19 Songs, 56 Minutes

EDITORS’ NOTES

Based on a Philip K. Dick short story, The Adjustment Bureau portrays a romantic couple — a politician and a ballerina — struggling against the forces of fate as embodied by The Bureau, a mysterious outfit that plans and influences people’s life paths. Veteran composer Thomas Newman crafts an array of cues for the film. “Elise” features a vaguely Middle Eastern melody and tribal beats before morphing into a section with mournful strings and atmospheric electric guitars. “New Leaf” glistens with expectancy as rattling percussion, quiet piano, touches of strings, and reverb guitar combine to create a rich timbral pallet. The cut flows smoothly into “Pier 17,” where similar elements are employed and the tension is ratcheted up a notch. “The Girl On the Bus” finds guitar riding an almost Krautrock-like pulse, while “The Ripples Must Be Endless” effectively wraps things up. “Future’s Bright” and “Are You Ready,” two songs by Richard Ashcroft, bring the big sound of Britpop to the album, and an Adam Freeland remix of Sarah Vaughn’s “Fever” is also included.

EDITORS’ NOTES

Based on a Philip K. Dick short story, The Adjustment Bureau portrays a romantic couple — a politician and a ballerina — struggling against the forces of fate as embodied by The Bureau, a mysterious outfit that plans and influences people’s life paths. Veteran composer Thomas Newman crafts an array of cues for the film. “Elise” features a vaguely Middle Eastern melody and tribal beats before morphing into a section with mournful strings and atmospheric electric guitars. “New Leaf” glistens with expectancy as rattling percussion, quiet piano, touches of strings, and reverb guitar combine to create a rich timbral pallet. The cut flows smoothly into “Pier 17,” where similar elements are employed and the tension is ratcheted up a notch. “The Girl On the Bus” finds guitar riding an almost Krautrock-like pulse, while “The Ripples Must Be Endless” effectively wraps things up. “Future’s Bright” and “Are You Ready,” two songs by Richard Ashcroft, bring the big sound of Britpop to the album, and an Adam Freeland remix of Sarah Vaughn’s “Fever” is also included.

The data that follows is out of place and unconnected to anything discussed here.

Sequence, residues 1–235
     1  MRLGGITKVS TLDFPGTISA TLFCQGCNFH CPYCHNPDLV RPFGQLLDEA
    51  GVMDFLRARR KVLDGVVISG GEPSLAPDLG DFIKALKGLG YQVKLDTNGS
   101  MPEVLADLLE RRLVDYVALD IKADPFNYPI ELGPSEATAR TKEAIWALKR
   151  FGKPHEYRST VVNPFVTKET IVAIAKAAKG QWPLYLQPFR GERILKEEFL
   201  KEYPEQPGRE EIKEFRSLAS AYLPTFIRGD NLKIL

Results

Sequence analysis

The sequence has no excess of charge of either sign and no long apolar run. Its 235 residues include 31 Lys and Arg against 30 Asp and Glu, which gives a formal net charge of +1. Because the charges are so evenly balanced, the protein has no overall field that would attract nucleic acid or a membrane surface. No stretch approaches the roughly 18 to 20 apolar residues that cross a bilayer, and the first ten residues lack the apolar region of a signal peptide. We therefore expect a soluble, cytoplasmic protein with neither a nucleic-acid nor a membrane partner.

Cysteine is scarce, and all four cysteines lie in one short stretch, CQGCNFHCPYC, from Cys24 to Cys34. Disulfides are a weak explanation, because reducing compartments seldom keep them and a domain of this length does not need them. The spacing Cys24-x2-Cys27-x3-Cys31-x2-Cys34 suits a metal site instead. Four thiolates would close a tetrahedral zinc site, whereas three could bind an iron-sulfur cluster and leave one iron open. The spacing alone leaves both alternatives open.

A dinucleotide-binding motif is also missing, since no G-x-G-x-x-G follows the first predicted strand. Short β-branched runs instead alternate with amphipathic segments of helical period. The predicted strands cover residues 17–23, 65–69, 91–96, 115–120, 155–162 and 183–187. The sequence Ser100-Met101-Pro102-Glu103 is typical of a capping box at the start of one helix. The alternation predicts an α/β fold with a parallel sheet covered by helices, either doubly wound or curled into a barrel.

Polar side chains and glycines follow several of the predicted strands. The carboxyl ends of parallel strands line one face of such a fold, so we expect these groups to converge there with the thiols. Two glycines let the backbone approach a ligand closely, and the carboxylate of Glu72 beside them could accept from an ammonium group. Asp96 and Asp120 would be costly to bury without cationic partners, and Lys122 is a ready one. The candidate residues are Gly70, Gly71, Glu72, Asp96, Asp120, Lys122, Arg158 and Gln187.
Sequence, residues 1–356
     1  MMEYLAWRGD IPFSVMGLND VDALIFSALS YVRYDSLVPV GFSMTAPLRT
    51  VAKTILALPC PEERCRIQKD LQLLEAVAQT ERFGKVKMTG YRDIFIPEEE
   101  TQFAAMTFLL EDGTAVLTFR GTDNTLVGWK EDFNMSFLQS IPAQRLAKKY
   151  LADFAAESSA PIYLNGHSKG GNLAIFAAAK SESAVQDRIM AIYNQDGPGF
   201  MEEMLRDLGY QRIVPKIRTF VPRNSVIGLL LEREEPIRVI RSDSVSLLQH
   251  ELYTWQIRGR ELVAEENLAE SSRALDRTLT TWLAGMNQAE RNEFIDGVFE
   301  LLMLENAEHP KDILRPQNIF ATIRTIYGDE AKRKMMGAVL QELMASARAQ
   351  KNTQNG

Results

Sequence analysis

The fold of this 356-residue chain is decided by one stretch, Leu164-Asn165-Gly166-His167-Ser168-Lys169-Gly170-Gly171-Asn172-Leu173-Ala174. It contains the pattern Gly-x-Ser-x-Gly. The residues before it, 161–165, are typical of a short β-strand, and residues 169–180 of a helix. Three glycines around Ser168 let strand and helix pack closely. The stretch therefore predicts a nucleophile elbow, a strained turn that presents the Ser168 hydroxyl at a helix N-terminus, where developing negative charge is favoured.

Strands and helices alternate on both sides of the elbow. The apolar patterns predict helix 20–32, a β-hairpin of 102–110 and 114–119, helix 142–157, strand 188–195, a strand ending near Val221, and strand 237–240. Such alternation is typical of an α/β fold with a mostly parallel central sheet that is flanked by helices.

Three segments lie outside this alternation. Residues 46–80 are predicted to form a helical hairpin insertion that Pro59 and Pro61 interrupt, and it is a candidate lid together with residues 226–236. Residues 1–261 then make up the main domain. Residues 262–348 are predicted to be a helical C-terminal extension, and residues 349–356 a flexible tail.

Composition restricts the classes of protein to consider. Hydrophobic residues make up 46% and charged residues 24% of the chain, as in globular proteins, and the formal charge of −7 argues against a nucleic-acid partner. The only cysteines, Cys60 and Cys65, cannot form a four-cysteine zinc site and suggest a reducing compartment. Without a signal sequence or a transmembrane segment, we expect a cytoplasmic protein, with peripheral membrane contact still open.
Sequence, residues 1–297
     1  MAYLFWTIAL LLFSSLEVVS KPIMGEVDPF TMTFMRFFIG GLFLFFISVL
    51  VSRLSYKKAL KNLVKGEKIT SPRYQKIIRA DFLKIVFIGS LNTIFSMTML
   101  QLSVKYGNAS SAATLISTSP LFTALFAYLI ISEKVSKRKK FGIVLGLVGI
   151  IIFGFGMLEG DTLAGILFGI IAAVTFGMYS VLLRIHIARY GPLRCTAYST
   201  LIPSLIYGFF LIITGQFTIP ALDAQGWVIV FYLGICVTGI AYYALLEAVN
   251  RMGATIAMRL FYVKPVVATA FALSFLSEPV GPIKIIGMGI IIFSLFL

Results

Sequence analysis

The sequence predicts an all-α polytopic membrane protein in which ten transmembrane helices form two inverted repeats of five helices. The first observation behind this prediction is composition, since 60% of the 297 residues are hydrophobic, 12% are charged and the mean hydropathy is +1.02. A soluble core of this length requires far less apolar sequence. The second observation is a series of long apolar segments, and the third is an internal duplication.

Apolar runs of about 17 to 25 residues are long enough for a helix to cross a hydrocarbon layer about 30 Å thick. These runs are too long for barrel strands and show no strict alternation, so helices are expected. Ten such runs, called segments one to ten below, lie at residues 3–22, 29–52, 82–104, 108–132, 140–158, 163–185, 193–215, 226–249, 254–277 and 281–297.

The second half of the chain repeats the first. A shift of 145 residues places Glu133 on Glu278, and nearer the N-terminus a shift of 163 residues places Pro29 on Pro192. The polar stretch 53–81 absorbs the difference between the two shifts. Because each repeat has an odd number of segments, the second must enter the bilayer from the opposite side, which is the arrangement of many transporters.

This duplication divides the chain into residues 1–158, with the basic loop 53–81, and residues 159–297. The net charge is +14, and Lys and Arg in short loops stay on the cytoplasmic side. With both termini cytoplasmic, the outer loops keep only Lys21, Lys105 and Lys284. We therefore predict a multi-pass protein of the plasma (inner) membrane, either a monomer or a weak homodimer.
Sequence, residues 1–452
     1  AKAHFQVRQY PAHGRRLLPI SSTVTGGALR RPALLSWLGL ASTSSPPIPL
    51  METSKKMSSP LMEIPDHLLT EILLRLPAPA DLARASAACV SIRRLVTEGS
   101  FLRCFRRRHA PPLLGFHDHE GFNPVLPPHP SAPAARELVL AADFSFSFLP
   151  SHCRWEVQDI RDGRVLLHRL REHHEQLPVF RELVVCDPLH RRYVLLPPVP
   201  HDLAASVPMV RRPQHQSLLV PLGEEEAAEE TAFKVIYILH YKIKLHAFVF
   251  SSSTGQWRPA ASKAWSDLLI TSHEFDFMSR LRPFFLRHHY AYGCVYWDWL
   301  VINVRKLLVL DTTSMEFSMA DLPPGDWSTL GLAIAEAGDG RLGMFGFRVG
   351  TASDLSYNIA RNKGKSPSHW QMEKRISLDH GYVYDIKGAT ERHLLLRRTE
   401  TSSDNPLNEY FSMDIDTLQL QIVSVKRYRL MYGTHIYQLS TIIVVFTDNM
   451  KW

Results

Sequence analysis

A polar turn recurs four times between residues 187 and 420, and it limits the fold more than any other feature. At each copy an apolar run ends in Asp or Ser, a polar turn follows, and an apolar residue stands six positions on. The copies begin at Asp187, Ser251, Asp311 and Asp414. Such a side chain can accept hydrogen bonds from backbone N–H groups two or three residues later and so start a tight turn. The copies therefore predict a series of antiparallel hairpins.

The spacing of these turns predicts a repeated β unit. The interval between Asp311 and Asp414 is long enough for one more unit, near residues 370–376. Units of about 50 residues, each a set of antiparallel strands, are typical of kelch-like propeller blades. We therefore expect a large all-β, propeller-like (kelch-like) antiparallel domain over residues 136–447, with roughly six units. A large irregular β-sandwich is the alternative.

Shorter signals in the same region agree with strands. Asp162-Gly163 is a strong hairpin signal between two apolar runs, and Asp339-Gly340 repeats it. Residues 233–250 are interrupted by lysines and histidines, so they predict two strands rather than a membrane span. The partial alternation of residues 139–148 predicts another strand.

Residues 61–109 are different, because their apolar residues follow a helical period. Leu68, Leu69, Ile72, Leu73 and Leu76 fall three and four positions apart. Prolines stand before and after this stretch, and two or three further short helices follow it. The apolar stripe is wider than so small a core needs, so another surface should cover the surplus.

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Ratings and Reviews

4.5 out of 5
52 Ratings
52 Ratings
ANewEra ,

Evocative and unique

I agree with Mason, I think Elise is the stand out track here. I also like The Substrate, Real Kiss, Four Elections, The Girl on The Bus, and None of Them are You. I also agree that this is not his best work, but he would have a lot to live up to for this to compare to the likes of Road to Perdition, Shawshank Redemption, and Finding Nemo. Overall, a very good collection of music with interesting textures and percussion, and evocative string lines. Between this and Josh Kramer's Only Memories album, I have all the inspiration I need to start writing my next book.

christianmd ,

Yet Another Great Score

Thomas Newman delivers without fail. While he favors chords and specific instruments that are signature to him, he also reinvents himself. There are moments when you hear Road To Perdition or The Salton Sea for example but mostly you will hear The Adjustment Bureau which is exciting because it's fresh and interesting. The thought of Thomas Newman writing suspense doesn't fit quite right but he pulls it off wonderfully here.

world's#1critic ,

My favorite composor's Back in Business!

Thomas Newman is back after a lengthy break and playing on his offbeat strenghts to deliver what he does best; mystery and romance. He's using all his best moves in tracks like "Real Kiss" while integrating enough new ones to give tracks like "Inflection Points" some fresh bite! I prefer him when he's away from the thriller genre, and the film score on it's own is a better listen than in the context of the film (which was not at all bad, but not great) but there you go; a solid, tricky listen!

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